Teshuva in the Talmud
The Talmud is full of stories of repentance. In this course with Rabbi David Sedley we will explore some of these and extrapolate the relevance to our daily lives. How can we become better people? What is required to achieve repentance?
Teshuva in the Talmud: Lesson 1
RABBI ELIEZER BEN DORDAI: This is one of the most famous and most peculiar stories in the Talmud. Rabbi Eliezer spent his entire life sinning, yet in one moment of sincere repentance he earned the World to Come. When Rabbi Yehuda HaNasi heard this he cried, and said that some earn their World to Come in many years and some earn it in a single instant. We will learn the Gemara together, and try to understand what it means to earn the World to Come in a single instant. And why did Rabbi Yehuda HaNasi cry?
Teshuva in the Talmud: Lesson 2
KETIA BAR SHALOM: A Roman officer who defended the Jewish people against Caesar, but paid for it with his life. Yet his act earned him a portion in the World to Come. We are familiar with the quote from the mishna in Sanhedrin which precedes Pirkei Avot, that all of Yisrael have a share in the World to Come, but this Gemara teaches that also non-Jews can earn their share in the World to Come. What messages can we learn from this story in the Gemara, and how should it impact on our preparations for Rosh Hashana and Yom Kippur?
Teshuva in the Talmud: Lesson 3
YOSEF MESHITA AND YAKUM ISH TZROROT: Before Yitzchak blessed Yaakov the verse states: “And he came near, and kissed him. And he smelled the smell of his raiment, and blessed him.” The Midrash understands this allegorically, that the word “raiment” (begadim) should be read as “traitors” (bogadim). The Midrash says that Yitzchak only blessed Yaakov after he saw that in the future there would be wicked people, traitors to the Jewish nation, who would nevertheless return and repent. Yosef Meshita aided the Romans at the time of the destruction of the Second Temple. Yakum Ish Tzrorot taunted his uncle, Yosei Ish Tzreida as he was about to be killed by the Romans. Both of these two repented, and earned their share of the World to Come in a single moment. It was through them, and those like them, that Yaakov and the Jewish people earned the blessing from Yitzchak. In this shiur we will discuss the importance of sinners and repentance. We will look at different opinions as to why Rabbi Yehuda HaNasi heard that they had earned their portion of the World to Come in a single instant. We will also look at the concept that “In the place where penitents stand, completely righteous are unable to stand.”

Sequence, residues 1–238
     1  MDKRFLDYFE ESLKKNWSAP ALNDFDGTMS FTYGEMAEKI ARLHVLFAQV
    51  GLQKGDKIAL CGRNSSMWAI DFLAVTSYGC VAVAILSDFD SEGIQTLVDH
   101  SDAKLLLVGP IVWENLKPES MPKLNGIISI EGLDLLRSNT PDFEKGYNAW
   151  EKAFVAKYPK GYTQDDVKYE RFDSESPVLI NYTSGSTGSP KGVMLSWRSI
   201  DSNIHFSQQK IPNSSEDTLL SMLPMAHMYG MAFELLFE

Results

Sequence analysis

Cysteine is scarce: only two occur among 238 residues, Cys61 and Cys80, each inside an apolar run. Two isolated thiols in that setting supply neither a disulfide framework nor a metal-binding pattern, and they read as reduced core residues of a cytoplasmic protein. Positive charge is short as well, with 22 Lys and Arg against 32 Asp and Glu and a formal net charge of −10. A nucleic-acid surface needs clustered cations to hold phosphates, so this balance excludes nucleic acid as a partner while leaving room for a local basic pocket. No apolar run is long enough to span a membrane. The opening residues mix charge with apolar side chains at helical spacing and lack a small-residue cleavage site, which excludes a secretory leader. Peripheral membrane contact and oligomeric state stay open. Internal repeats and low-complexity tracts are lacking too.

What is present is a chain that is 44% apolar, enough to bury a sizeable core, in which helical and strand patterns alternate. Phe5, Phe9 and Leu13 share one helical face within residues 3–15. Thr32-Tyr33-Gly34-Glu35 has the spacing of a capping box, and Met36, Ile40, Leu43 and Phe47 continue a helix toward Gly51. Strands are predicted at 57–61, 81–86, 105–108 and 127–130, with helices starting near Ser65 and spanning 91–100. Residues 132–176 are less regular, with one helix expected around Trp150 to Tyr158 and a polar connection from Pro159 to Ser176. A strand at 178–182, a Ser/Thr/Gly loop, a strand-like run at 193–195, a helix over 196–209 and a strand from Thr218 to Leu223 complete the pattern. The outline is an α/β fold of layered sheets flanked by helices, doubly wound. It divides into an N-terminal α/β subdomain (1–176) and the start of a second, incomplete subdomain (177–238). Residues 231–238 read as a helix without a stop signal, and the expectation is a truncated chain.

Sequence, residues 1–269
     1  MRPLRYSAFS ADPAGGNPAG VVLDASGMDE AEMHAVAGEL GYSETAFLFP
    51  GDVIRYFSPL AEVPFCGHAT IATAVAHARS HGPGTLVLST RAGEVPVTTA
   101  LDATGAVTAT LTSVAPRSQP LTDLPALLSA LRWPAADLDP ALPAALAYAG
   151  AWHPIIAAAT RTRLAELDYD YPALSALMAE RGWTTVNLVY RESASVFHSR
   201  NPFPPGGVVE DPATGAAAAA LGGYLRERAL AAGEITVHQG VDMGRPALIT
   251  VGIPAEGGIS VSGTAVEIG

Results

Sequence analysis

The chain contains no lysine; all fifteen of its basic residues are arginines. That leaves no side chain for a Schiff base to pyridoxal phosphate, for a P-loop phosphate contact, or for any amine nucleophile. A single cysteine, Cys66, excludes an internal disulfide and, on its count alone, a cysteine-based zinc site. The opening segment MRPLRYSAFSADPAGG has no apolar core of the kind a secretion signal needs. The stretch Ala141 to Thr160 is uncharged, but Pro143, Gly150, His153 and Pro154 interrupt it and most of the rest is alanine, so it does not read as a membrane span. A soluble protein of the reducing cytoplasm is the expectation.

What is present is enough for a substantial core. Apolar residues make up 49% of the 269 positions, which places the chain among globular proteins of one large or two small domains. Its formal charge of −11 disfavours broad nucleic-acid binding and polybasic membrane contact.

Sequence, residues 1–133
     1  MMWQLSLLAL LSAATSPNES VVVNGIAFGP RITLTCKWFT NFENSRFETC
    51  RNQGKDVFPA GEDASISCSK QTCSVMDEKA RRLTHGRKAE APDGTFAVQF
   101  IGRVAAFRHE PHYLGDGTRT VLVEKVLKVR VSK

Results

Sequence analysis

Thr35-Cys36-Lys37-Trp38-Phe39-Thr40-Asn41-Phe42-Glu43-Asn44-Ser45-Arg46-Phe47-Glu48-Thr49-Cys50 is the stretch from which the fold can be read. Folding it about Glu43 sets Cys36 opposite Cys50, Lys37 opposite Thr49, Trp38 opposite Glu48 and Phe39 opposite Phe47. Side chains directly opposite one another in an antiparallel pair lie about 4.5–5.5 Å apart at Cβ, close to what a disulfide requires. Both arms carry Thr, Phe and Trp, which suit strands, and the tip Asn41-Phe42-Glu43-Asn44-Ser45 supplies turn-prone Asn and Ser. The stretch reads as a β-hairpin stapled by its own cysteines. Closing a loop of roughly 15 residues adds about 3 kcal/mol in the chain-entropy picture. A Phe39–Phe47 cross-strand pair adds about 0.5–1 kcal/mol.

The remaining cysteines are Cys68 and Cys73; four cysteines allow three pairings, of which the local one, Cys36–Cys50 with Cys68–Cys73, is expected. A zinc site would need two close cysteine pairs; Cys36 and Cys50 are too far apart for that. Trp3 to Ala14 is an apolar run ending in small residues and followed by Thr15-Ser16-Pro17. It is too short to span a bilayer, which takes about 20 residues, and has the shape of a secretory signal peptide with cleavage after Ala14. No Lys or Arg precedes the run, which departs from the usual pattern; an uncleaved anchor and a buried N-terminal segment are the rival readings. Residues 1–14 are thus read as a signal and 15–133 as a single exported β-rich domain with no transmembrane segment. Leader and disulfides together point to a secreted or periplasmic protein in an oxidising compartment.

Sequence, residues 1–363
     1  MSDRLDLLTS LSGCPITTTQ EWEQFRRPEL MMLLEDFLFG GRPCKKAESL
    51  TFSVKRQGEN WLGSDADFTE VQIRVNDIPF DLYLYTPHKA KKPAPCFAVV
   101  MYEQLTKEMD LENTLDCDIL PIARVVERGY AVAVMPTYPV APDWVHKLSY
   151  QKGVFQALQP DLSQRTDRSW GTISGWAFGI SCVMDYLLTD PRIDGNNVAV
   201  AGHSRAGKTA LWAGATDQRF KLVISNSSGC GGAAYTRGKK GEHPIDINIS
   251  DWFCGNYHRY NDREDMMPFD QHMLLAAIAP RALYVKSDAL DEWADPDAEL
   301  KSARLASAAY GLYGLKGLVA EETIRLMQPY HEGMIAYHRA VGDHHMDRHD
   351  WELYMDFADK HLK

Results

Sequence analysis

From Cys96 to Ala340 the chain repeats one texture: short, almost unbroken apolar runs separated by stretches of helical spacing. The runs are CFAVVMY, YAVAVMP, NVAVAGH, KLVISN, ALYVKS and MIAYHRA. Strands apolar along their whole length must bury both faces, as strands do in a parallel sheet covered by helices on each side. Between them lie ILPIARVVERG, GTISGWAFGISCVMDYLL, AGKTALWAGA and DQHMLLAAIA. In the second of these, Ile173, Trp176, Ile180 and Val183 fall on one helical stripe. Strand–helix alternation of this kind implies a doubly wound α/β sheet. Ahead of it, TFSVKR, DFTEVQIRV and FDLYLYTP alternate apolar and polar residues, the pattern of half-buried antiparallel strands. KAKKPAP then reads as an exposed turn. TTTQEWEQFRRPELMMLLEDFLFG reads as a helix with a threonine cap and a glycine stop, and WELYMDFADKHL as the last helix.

Teshuva in the Talmud: Lesson 4
CHANANYA BEN TERADION’S EXECUTIONER: We end this series with the story of one of the Ten Martyrs (who we will also read about very briefly in Mussaf on Yom Kippur). Chanya ben Teradion was killed by the Romans for teaching Torah. He was wrapped up with a Torah scroll and burned. His students could not bear to see him suffer, so they told him to allow himself to die quicker, but he refused. Then the executioner (a gentile Roman) offered to hasten his death by removing the damp wool they had placed over his heart. Rabbi Chananya ben Teradion promised him a share in the World to Come if he would do so. There are so many peculiar and interesting aspects to this story (not least the prologue, which I have left out of this description). We will hopefully discuss them (but hopefully you will prompt me with the questions). There is also an implied halachic issue here – is it permitted to hasten one’s own death to prevent suffering? (And Tosafot ask whether it is permitted to commit suicide to avoid forced conversion). This is the last class in this series (though there will be another series coming along quite soon – “1648 and All That” in which I will look at the impact of the Chmielnicki massacres on the future development of Ashkenazi Jewry). Looking forward to seeing you all there. And I wish you all a G’mar Tov and a happy, healthy and blessed year.
Rabbi David Sedley lives in Jerusalem with his wife and six children. He was born and raised in New Zealand before making Aliya in 1992. He left Israel temporarily (for eight years) to serve as a communal Rabbi in Scotland and England and returned to Israel in 2004. He has translated Rabbeinu Yonah's commentary on Pirkei Avos and is the co-author of Sefiros: Spiritual Refinement Through Counting the Omer (both Judaica Press). Over the years Rabbi Sedley has worked as a journalist, a translator, a video director and in online reputation management. He also writes a weekly Torah blog on the Times of Israel.